9. The fuel rails are installed next, and they also rely on an O-ring seal. After the rails are pushed down over the seals, Kyle installs the supplied L-brackets to secure the injector and rail assembly.
10. From there, the -10 AN fuel supply line and the fuel crossover line can be threaded onto the ends of the rails and tightened. Kyle uses a -8 fuel return line back to the tank. For this combination, Kyle is using dual Walbro 255 fuel pumps and an Aeromotive boost-referenced fuel pressure regulator.
11. In this case, Kyle has mounted an air-to-water intercooler behind his dash so the intake elbow is turned rearward. In some builds, the intake elbow can be turned toward the front or even sideways to meet up with the cold-side intake piping.
12. Making horsepower with a boosted LS engine is a lot simpler with a plug-and-play style system like this Holley HP EFI ECU & Harness kit (PN 550-602N). It falls under Holley's "HP" series and features a complete ECU and harness designed for a 24x tooth crank sensor.
13. After Kyle laid out the wiring harness to get an idea of the system, he could start plugging in the connectors. The wires and connectors are clearly marked, so most of the steps are straightforward. The injectors are marked by cylinder (odd numbers on driver-side, even numbers on passenger-side).
14. The crank position sensor and knock sensor are hard to access when the starter and standard exhaust manifolds are installed. Luckily, the turbo headers offer a little easier access.
15. At the back of the engine you'll find the oil pressure sensor, as well as the cam position sensor.
16. The coolant temperature sensor is typically located at the front of the engine on the driver-side, but Kyle relocated it to the rear of the passenger-side cylinder head. The Holley wiring harness has appropriate wire lengths to accommodate either position.
17. Kyle moves onto the idle air control connector and the throttle position sensor connection, both located on the throttle body.
18. It's important to note that on a boosted application you must add a pressure sensor to the wastegate and add a pressure sensor to the fuel line (between the rails). These sensors are available from Holley and feature a connector that can be wired into the system to work with the Holley 557-200 boost control solenoid.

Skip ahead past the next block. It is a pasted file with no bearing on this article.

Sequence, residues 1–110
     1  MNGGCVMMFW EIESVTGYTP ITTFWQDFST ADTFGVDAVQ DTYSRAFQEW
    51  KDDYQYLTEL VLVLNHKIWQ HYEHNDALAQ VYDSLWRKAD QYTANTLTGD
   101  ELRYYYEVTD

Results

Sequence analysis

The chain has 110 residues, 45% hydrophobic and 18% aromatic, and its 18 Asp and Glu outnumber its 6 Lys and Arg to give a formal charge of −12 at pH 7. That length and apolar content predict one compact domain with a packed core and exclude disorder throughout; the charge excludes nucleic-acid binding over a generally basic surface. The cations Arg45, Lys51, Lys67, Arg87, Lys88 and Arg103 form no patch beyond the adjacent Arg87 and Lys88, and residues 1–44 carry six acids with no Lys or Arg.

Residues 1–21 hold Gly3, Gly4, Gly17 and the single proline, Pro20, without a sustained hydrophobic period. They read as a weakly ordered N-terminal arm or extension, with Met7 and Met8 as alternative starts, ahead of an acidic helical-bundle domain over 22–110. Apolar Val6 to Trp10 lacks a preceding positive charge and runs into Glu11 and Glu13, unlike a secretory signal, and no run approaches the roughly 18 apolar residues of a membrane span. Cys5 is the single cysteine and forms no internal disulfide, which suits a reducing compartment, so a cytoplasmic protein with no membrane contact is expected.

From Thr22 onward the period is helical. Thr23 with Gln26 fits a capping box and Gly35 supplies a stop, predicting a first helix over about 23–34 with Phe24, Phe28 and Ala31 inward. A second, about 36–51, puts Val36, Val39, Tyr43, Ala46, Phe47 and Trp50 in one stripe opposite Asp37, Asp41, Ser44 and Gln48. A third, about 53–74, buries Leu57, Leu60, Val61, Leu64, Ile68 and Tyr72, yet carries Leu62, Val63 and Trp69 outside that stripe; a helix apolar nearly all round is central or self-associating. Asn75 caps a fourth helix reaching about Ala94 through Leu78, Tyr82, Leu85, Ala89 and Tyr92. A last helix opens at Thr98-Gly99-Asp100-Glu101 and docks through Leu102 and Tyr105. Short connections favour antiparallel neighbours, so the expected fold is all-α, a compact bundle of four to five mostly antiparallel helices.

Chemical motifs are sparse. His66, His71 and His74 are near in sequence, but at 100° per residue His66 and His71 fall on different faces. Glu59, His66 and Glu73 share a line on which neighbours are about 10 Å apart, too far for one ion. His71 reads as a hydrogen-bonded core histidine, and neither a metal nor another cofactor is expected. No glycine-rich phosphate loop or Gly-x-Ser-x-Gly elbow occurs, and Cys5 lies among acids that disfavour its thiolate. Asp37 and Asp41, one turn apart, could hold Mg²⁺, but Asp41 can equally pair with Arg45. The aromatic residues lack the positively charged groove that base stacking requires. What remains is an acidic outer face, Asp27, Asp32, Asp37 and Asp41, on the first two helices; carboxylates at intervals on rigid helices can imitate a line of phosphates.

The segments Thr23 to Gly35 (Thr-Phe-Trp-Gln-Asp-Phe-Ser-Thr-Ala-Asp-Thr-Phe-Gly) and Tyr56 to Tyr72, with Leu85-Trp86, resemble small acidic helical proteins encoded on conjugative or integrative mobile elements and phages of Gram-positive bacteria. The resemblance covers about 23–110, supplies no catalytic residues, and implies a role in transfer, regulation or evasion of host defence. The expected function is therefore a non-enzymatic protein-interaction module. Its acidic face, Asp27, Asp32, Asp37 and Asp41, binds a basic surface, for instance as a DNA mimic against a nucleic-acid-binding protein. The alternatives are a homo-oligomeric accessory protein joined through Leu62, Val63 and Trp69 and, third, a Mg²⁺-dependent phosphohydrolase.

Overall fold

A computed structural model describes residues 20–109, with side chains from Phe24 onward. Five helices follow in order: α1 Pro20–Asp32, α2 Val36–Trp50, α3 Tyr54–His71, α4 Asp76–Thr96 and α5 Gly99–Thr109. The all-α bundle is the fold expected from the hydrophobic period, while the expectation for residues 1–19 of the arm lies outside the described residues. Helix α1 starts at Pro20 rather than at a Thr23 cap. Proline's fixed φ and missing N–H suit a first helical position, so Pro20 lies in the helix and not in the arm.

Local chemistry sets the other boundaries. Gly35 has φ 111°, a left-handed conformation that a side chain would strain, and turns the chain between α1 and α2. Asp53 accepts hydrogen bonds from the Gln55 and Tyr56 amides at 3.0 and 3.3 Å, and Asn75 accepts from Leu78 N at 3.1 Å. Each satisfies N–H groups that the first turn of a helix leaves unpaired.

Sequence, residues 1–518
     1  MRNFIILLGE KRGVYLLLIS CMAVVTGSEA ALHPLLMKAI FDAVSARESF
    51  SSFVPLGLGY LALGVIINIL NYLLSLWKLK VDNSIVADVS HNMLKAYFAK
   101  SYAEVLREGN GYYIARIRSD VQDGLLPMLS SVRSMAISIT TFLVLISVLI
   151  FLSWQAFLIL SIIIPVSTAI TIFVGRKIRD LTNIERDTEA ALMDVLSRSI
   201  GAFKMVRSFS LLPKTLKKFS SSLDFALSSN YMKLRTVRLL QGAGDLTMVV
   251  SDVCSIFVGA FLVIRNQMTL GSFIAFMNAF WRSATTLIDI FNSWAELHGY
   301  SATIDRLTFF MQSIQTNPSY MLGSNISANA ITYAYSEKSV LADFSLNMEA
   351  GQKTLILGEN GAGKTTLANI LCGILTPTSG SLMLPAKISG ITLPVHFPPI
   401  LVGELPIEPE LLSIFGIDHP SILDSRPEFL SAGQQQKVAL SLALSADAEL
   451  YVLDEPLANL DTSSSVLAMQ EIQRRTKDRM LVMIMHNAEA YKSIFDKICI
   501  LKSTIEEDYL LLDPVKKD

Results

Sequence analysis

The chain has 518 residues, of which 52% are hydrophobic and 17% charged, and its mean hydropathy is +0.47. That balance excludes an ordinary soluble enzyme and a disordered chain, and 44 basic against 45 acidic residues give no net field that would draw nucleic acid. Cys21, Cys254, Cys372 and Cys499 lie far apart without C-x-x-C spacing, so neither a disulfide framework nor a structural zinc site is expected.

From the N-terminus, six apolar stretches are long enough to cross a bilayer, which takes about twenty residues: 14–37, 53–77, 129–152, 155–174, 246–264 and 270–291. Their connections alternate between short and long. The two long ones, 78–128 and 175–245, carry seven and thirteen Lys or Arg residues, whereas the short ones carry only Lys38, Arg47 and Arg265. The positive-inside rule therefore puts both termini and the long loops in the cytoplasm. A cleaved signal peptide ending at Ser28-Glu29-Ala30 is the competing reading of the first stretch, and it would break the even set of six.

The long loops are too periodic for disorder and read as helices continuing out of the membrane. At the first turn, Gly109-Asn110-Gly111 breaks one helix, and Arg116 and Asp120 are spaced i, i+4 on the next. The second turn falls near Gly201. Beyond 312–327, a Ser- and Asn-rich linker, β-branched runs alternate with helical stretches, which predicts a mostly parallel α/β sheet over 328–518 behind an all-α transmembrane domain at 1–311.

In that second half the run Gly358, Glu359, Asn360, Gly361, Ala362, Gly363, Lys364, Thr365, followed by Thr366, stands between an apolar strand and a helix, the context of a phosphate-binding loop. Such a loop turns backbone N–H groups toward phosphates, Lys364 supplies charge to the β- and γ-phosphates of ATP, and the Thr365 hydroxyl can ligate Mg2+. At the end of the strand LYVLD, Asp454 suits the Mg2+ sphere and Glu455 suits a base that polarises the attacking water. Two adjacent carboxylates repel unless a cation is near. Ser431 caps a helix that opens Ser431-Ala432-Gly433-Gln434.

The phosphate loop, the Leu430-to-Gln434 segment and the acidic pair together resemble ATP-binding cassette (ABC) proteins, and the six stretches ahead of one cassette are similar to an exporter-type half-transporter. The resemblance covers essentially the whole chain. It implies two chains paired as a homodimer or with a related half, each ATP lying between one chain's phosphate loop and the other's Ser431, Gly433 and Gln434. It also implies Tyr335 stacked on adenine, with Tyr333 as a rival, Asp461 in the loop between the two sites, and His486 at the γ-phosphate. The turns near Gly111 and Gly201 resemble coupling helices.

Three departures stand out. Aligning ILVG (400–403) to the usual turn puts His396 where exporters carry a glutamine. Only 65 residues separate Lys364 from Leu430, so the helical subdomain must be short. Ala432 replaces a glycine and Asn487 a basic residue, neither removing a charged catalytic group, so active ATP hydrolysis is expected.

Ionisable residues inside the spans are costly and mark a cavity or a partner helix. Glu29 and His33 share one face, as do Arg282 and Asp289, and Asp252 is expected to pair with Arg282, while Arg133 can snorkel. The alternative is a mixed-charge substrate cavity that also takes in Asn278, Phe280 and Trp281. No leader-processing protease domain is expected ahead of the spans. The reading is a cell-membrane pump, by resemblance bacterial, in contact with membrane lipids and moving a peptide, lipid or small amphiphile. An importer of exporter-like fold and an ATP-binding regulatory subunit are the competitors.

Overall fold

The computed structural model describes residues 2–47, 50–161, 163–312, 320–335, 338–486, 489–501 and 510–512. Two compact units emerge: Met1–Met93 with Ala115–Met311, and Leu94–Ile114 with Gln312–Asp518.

19. Another note is that the Holley HP EFI system is compatible with the ZR1 3-bar MAP sensor (GM PN 12592525). However, you must buy an adapter harness to connect the main harness to this particular MAP sensor.
20. Kyle mounted the ECU inside the car in plain sight, but if you want to be sneaky you can hide it behind the dash. The connectors on the ECU are plugged in and the system is nearly complete!
21. Holley offers three-port boost control solenoids, and in many cases an application can require two solenoids even if you're running a single turbocharger. The boost control solenoids come with NPT fittings for vacuum lines and the necessary wiring to tie into the pressure sensors mentioned earlier.
22. The icing on the cake is the new Holley EFI Digital Dash (PN 553-106), which will provide Kyle with all of the engine's vital signs and offer easy tune swaps. Once the engine is tuned and he has a few combinations saved he can toggle—for example—from an economy tune for road trips to an all-out performance tune for the dragstrip without having to deal with a laptop.
23. As soon as the system has 12 volts, it boots up quickly and brings you to the main menu screen. The touch screen display is highly configurable, with many different options. We'll show more on how to set up this device in the next installment.
24. The turbo system is complete and we're anxious to strap this turbocharged 4.8-liter LS engine to the chassis dyno. The Holley HP EFI system features a start-up tune, which will allow Kyle to get the engine running and check for problems before we start dyno testing.